It must be a real bittersweet moment as a game developer when your new game, the one that you’ve poured your blood, sweat and tears into, gets uploaded to a piracy site. On on the one hand, it’s a recognition that your work is worth someone’s time to crack and upload (and to download), that you may be on the right track with producing something that everyone will like. On the other hand, you know, piracy.

But for “early access” games such as ‘Die Young’, there’s an added problem with early access piracy – you get gamers playing unfinished versions of your game (often without knowledge that it’s unfinished) and perhaps getting a bad impression of the quality of the game, and as a developer, you don’t get valuable feedback in regards to bugs, missing features and other things that’s the whole point of “early access”.

So when the makers of ‘Die Young’ found their game pirated online, they did the only thing that made sense to them – release a free version of their game! So now, if you want to play Die Young, you have three options – to pay for it via Steam Early Access (where you’ll always get the latest released version), get the completely free and DRM-free version directly from the official site, or get an old version of the game from piracy sites. This means the last option, the piracy option, is now the worst of the available options. And that, I think, is the way it’s supposed to be.

Gaming

Nintendo Switch

The Switch is selling well for Nintendo

The Nintendo Switch is selling very well at the moment. It was the best selling game console for August, after winning July too, and winning four out of the last six months. By “winning”, of course I mean beating the PS4, and it’s quite a turnaround for Nintendo, having had so few this types of victories for the Wii U.

The PS4 is still the best selling console in 2017, and it will probably finish 2017 this way. We’ll see when the holidays come around whether Nintendo can fix their supply issues and have a fantastic holidays sales period and endanger the PS4’s status as the best selling console for 2017. Also, can the Xbox One have a say with its Xbox One X? Dubbed the most powerful console ever made, will this be enough to get the hardcore gamers on board, or is it already too late for this generation? Will its “Xbox One X Enhanced” game list be good enough to convince gamers to upgrade?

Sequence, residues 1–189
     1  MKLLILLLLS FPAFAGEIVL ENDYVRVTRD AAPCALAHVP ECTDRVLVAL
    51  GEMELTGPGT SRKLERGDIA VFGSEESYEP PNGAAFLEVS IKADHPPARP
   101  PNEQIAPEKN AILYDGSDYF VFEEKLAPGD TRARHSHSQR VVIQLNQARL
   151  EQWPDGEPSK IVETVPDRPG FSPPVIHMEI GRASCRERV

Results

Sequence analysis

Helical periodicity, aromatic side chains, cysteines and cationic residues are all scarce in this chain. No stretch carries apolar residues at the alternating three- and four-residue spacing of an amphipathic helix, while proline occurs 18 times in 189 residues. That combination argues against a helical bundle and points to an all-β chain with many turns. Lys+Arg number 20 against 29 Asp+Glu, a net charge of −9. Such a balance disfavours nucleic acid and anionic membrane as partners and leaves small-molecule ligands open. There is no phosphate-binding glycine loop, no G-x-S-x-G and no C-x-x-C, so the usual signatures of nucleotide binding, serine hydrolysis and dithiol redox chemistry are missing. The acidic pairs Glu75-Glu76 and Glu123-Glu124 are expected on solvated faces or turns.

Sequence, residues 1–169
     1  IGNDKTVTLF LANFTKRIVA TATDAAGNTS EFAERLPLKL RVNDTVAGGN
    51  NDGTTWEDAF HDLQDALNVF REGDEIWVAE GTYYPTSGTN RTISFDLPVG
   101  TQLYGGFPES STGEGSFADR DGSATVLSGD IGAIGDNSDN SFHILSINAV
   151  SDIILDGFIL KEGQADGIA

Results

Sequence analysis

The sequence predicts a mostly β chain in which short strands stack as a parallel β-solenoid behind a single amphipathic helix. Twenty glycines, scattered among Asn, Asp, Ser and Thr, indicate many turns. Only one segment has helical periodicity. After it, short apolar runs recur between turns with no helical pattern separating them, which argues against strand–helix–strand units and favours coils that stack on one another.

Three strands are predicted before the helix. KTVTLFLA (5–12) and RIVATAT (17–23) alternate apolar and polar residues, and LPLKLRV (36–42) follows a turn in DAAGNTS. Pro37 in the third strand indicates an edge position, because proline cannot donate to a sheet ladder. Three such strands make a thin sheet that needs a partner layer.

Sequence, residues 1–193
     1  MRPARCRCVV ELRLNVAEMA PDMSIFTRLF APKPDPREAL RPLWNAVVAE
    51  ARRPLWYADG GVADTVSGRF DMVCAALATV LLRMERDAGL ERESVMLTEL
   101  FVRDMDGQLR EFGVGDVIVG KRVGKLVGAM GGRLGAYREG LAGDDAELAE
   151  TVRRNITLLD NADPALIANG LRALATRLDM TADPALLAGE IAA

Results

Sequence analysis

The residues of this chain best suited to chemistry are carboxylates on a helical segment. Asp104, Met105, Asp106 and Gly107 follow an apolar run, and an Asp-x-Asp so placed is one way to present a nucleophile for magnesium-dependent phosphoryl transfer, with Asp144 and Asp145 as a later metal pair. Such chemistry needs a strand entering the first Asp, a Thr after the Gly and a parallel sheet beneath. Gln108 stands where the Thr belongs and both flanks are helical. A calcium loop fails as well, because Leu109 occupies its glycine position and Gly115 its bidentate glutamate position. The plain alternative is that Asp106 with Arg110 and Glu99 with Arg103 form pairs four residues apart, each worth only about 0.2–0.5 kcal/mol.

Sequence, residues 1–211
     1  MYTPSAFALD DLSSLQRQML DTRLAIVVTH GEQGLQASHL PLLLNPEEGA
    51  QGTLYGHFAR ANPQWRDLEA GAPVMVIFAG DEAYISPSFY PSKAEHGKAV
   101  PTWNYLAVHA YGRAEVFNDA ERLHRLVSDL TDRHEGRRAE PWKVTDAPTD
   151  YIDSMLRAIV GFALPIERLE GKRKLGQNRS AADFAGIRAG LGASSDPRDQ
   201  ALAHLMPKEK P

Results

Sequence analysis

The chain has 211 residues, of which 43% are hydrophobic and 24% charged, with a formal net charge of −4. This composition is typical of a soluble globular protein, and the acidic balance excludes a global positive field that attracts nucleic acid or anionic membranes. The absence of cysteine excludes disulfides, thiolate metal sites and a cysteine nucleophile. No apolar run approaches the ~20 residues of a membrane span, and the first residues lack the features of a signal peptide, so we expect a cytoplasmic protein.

All in all, it’s going to be an interesting end of the year for this console generation. May the best console win!

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No more typing. Finger frozen. Must. Get. Warmer.

Weekly News Roundup (July 30, 2017)

Sunday, July 30th, 2017

I know I’m a little late to the game, but having wanted to do the right thing and wait for a legal way to watch Hulu’s The Handmaid’s Tale here in Australia, I’m just about to finish the first season. Wow – is all I can say, what a great show! Sure, there may be a little too much hand-holding to elevate the show to the status of The Sopranos or The Wire, but it’s right up there, especially the acting from Elisabeth Moss, Alexis Bledel and Ann Dowd (she’s also great in the movie ‘Compliance’, which is also very disturbing) – but everyone the show does a fantastic job, to be honest). Give it all the awards now!

And yes, despite what might feel like me wasting words on filler, we do have news to go through this week.

Copyright

AutoGK Google AdSense Ban

Apparently Google thinks video conversion tool AutoGK is a file sharing tool

The war on piracy takes a strange turn as previous ally, Google, has apparently now joined the dark side. Google’s decision to prevent download site FossHub from putting ads on pages that link to file sharing (including BitTorrent) software sounds like something Hollywood would do, not the tech company we’ve known and loved. Apparently, having anything to do with BitTorrent, in Google’s eyes, is illegal, despite the fact that these software are completely legal and have as much to do with piracy as web browsers (in that while it’s true that BitTorrent clients are used to download pirated content, the same can be said of web browsers, like even Google’s own Chrome browser, which people who visit The Pirate Bay and other pirate sites are most likely using).